MIAMI — With its sizzling beaches and steamy nightlife, it’s no wonder Miami is a top vacation spot for snowbirds, spring breakers, international tourists and passengers heading out on cruises from Florida ports. More than 13 million people visited the city in 2011, according to the Greater Miami Convention & Visitors Bureau.
Getting past sticker shock, though, can be difficult for anyone on a budget. Expect to pay $20 for a burger at trendy restaurants, the same for cocktails. Just getting past the velvet ropes of a popular nightclub can run $300.
To avoid draining your pocketbook, do as the locals do and enjoy Miami’s free attractions. In addition to beaches and people-watching, take in spectacular water views while biking over a causeway. Become an art enthusiast while browsing neighborhoods lined with galleries and graffiti murals. Or catch a movie outdoors on a nighttime picnic.
Even if you can’t afford to stay in luxury hotels with ocean views or you’re not trendy enough to get into the beachfront clubs, the sand and turquoise waters of South Beach are free, accessible and popular with visitors along Ocean Drive from about Fifth Street up to Collins Park. You’ll share the sand with locals, day-trippers and tourists staying in nearby hotels.
Other activities in the South Beach area include a free New World Symphony concert projected onto a 7,000-square-foot wall of a building designed by renowned architect Frank Gehry at 500 17th St., during Wallcasts. Or watch a movie under the stars at the free SoundScape Cinema Series on the corner of 17th Street and Washington Avenue. Movies begin at 8 p.m.
If you’re coming by car, parking can be a challenge. Street parking is easier in North Miami Beach.
ART DECO BUILDINGS AND LINCOLN ROAD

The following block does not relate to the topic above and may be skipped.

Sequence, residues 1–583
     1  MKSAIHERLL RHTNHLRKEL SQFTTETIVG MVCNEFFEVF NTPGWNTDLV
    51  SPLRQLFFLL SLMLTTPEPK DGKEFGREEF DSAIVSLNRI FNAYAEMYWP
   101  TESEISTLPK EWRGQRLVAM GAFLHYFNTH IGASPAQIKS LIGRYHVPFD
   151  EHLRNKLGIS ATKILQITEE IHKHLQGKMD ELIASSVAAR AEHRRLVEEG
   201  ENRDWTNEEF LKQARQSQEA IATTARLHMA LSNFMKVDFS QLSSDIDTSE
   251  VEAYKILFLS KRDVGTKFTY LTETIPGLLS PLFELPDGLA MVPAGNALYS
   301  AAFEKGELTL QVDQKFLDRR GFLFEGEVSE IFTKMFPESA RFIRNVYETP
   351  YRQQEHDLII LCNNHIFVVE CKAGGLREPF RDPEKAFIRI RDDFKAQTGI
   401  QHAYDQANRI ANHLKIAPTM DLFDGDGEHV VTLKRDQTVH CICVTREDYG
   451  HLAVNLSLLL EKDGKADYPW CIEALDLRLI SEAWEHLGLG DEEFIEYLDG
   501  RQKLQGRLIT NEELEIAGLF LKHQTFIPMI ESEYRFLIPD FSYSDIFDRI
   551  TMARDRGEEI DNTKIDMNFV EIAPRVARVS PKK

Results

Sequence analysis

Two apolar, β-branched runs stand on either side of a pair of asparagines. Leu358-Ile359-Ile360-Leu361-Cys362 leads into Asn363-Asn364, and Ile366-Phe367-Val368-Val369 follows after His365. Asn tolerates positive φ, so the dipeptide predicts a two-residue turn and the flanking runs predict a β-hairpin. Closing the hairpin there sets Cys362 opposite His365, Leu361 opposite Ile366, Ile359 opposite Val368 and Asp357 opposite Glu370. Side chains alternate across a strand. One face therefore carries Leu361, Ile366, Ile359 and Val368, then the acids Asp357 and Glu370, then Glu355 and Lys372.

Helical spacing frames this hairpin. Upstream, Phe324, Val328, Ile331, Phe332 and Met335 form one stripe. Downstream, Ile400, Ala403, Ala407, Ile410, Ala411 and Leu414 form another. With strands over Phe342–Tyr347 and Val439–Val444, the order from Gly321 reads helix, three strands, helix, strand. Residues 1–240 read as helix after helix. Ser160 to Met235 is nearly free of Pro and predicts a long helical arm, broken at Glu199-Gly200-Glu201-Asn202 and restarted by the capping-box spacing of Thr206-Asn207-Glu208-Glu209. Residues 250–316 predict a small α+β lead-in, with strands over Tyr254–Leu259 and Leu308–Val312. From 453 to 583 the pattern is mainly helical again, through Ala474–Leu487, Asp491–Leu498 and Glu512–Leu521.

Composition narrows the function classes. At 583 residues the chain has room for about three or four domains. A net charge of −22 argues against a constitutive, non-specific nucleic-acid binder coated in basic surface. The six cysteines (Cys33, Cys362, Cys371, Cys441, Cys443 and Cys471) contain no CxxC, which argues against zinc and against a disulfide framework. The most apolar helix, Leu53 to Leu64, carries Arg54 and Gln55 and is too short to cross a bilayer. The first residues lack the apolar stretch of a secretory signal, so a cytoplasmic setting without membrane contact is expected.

Miami Beach is recognized by the National Register of Historic Places for having the largest concentration of 1920s and 1930s resort architecture in the U.S.
The 800 buildings are known for their Mediterranean and Art Deco styles, with pastel colors, porthole windows, curved walls and distinctive lettering on historic hotel signs. Walking tours cost $20 to $30 but many of the buildings are easily recognized.
Perhaps the absolute best free thing to do in Miami Beach is to go people-watching along Lincoln Road.
The pedestrian mall lined with palm trees, dozens of shops, restaurants and bars is a popular tourist destination and hangout for locals – along with their designer dogs.
BIKES AND BUSES
The bike scene in Miami has taken off, turning into a giant social gathering of all ages.
On the last Friday of every month, bicyclists take to the streets en masse and bike just over a dozen miles during Miami Critical Mass.
If you don’t have your own bike, rentals are available.
A popular cycling route is the Rickenbacker Causeway, which connects Miami to the barrier island of Key Biscayne. Ride into Crandon Park for free to visit a 2-mile- long beach.
Another alternative to cars in Miami: Check out the free Metromover bus which makes stops in tourist-friendly areas.
The Wynwood Arts District is a neighborhood with some of the best artwork to see for free: Legal outdoor murals by graffiti artists cover the walls near art galleries and restaurants. Walking tours are $15 but you can see plenty on your own. Or visit on the second Saturday of the month when you can mingle with artists and art buyers when galleries open their doors to the public. Some provide complimentary alcohol.
The nearby Design District offers more galleries, antiques shops, restaurants and bars.
At Maximo Gomez Park, better known as Domino Park, 801 SW 15th Ave., you can watch locals playing the game or catch up on Cuban politics. The neighborhood is also home to a cigar factory, Cuban cafes and other eateries, and Paseo de las Estrellas (Walk of the Stars), where celebrities from Latin America are given stars similar to those in Hollywood.
The last Friday of every month from 7 p.m. to 9 p.m., Little Havana hosts Viernes Culturales – Cultural Fridays – with dancing, cigar rolling, and free walking tours of the neighborhood with local historian Paul George (departs from the Tower Theater, 1508 SW Eighth St.).